Marvin Olasky

Beck then allowed me to use another of his blackboards: I drew, explained, and praised the system of checks and balances that the Founders set up because they were wary about man's ability to rule himself. They created a mix of limited monarchy (the president), aristocracy (the Senate), and democracy (the House of Representatives), with further checks from the Supreme Court, state legislatures, and—as a journalist I like this last line of defense—a free press. They weren't populists.

We went to audience questions. Petrina, very serious, asked for help in dealing with her "sense of powerlessness and sadness." I said people propose various schemes, but "Nothing works apart from Jesus Christ." Beck said, "That's not the way I would have answered it," then added a diplomatic, "but it's a good answer." He offered his prescription for a disordered society: "We just have to put it all in order. We have to enlighten ourselves, educate ourselves, empower ourselves, and then be creators. That is the solution."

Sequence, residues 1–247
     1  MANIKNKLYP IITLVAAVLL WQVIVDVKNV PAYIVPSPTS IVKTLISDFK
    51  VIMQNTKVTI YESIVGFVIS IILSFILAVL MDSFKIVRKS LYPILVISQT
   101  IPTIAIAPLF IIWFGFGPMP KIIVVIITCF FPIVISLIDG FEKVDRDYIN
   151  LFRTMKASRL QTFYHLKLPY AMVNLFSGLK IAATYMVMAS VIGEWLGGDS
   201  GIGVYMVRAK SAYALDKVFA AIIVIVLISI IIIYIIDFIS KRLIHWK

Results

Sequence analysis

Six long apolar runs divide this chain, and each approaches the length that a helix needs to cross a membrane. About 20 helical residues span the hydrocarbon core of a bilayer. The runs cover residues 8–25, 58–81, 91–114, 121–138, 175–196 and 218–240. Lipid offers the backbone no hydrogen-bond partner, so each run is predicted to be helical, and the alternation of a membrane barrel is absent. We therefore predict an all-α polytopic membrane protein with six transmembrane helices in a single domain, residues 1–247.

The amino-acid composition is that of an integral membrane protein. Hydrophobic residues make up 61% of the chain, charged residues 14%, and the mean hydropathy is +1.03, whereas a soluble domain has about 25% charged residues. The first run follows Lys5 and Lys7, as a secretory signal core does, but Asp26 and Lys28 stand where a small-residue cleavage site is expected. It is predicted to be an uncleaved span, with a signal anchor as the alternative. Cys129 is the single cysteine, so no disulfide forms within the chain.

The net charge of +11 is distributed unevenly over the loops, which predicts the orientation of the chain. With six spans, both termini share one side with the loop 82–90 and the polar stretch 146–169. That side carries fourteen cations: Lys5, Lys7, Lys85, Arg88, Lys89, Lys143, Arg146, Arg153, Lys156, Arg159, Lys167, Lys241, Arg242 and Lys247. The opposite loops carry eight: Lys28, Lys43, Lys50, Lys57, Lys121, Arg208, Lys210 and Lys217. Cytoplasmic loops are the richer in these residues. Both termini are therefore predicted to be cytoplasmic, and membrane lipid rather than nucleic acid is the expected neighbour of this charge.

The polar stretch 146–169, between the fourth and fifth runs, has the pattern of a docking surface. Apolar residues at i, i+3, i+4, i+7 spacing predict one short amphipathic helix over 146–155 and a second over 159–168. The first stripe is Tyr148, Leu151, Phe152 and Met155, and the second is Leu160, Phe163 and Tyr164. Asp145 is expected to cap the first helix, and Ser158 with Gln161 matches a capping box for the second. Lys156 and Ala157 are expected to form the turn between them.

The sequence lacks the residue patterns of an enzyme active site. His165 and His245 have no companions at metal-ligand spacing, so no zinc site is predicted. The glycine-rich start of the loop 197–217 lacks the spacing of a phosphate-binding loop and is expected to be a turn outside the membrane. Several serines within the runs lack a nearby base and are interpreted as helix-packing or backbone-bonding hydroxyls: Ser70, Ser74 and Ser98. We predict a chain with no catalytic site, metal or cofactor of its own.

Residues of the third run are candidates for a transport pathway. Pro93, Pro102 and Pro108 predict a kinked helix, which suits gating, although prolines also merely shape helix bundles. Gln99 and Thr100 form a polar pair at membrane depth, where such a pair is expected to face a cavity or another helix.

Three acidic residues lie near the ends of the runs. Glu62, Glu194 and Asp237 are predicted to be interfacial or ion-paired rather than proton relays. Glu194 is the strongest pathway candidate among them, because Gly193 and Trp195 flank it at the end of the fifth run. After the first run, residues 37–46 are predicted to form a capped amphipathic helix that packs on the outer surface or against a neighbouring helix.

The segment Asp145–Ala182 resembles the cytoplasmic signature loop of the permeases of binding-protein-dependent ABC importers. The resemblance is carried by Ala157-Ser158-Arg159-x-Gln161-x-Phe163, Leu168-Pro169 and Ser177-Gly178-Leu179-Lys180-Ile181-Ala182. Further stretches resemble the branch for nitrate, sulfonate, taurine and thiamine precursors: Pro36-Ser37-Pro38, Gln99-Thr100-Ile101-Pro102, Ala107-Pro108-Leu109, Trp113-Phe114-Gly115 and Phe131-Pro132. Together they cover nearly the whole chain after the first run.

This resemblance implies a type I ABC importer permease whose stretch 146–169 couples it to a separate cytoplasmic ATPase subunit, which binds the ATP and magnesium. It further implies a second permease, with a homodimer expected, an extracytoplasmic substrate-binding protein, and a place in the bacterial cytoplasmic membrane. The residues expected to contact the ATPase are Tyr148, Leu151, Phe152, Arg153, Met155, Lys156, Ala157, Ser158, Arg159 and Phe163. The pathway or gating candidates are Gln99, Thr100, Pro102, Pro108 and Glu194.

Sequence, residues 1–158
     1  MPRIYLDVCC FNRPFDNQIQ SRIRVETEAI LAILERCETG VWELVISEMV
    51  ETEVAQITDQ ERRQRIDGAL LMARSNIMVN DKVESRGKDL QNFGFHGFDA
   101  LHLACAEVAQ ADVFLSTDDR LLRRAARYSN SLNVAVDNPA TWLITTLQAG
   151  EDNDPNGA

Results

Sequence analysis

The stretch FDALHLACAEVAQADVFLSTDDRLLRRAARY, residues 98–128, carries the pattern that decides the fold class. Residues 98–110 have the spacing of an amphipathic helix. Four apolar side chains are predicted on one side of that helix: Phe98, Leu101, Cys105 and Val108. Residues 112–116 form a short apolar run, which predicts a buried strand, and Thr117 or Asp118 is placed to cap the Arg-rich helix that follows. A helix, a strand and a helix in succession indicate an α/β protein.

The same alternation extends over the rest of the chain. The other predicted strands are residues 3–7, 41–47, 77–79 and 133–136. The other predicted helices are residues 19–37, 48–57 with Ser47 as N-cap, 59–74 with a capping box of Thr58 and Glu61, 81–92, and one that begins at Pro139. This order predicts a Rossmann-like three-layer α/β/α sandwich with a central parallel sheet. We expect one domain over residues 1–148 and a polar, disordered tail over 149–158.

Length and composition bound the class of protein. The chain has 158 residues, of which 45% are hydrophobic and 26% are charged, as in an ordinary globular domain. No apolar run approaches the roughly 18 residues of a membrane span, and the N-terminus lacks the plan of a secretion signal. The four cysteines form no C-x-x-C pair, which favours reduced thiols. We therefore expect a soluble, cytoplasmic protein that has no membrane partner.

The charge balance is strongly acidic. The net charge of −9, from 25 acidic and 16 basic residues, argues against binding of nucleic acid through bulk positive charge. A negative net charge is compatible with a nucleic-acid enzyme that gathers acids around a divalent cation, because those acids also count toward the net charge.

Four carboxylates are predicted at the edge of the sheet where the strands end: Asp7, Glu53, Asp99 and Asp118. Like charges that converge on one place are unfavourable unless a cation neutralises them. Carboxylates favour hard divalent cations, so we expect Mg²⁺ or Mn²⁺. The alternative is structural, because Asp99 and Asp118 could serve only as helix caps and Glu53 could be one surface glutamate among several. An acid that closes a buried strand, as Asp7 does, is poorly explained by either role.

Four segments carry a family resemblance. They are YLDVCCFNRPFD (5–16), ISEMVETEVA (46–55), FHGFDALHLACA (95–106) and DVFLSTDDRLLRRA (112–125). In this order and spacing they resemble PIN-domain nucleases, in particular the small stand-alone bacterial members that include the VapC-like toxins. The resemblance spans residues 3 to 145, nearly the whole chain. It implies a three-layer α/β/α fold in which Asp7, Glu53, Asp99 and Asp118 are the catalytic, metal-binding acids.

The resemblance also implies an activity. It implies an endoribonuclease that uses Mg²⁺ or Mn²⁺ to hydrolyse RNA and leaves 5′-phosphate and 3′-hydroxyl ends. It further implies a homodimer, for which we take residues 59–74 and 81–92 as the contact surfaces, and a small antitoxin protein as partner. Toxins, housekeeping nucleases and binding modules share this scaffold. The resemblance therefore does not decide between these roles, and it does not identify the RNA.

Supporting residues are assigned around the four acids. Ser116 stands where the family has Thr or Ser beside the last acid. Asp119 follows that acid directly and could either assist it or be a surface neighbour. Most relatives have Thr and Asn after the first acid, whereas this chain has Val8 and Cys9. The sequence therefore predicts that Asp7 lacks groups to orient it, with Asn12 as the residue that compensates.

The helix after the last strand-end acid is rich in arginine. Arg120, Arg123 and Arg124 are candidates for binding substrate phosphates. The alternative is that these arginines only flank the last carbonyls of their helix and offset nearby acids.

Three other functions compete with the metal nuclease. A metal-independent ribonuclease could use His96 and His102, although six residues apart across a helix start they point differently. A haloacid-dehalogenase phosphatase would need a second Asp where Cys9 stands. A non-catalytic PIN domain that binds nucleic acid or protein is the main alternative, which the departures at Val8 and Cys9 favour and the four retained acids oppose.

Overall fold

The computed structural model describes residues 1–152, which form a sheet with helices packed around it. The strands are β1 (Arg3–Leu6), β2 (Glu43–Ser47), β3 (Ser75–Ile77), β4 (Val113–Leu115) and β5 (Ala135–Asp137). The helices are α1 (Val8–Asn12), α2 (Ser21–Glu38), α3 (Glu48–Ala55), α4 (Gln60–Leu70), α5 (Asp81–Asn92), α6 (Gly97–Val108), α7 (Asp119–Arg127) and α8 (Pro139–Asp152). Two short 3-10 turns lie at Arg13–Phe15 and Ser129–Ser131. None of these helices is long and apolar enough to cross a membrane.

Clear enough. Two different views: One with God at the center, one with man at the center. Beck emphasized his position: "Jefferson said fix reason firmly in her seat, and question the very existence of God. I have applied that to not just God but everything. . . . Empower yourself."

Oh, and one little thing: It seems that the show we taped was a little longer than the 41 minutes typical for Beck shows archived at his website. I went to the website a few days later to see how it all looked, and—surprise—my comment that "Nothing works apart from Jesus Christ," and Beck's initially curt response, were not there. I guess something had to be cut.

Marvin Olasky

Marvin Olasky is editor-in-chief of the national news magazine World. For additional commentary by Marvin Olasky, visit
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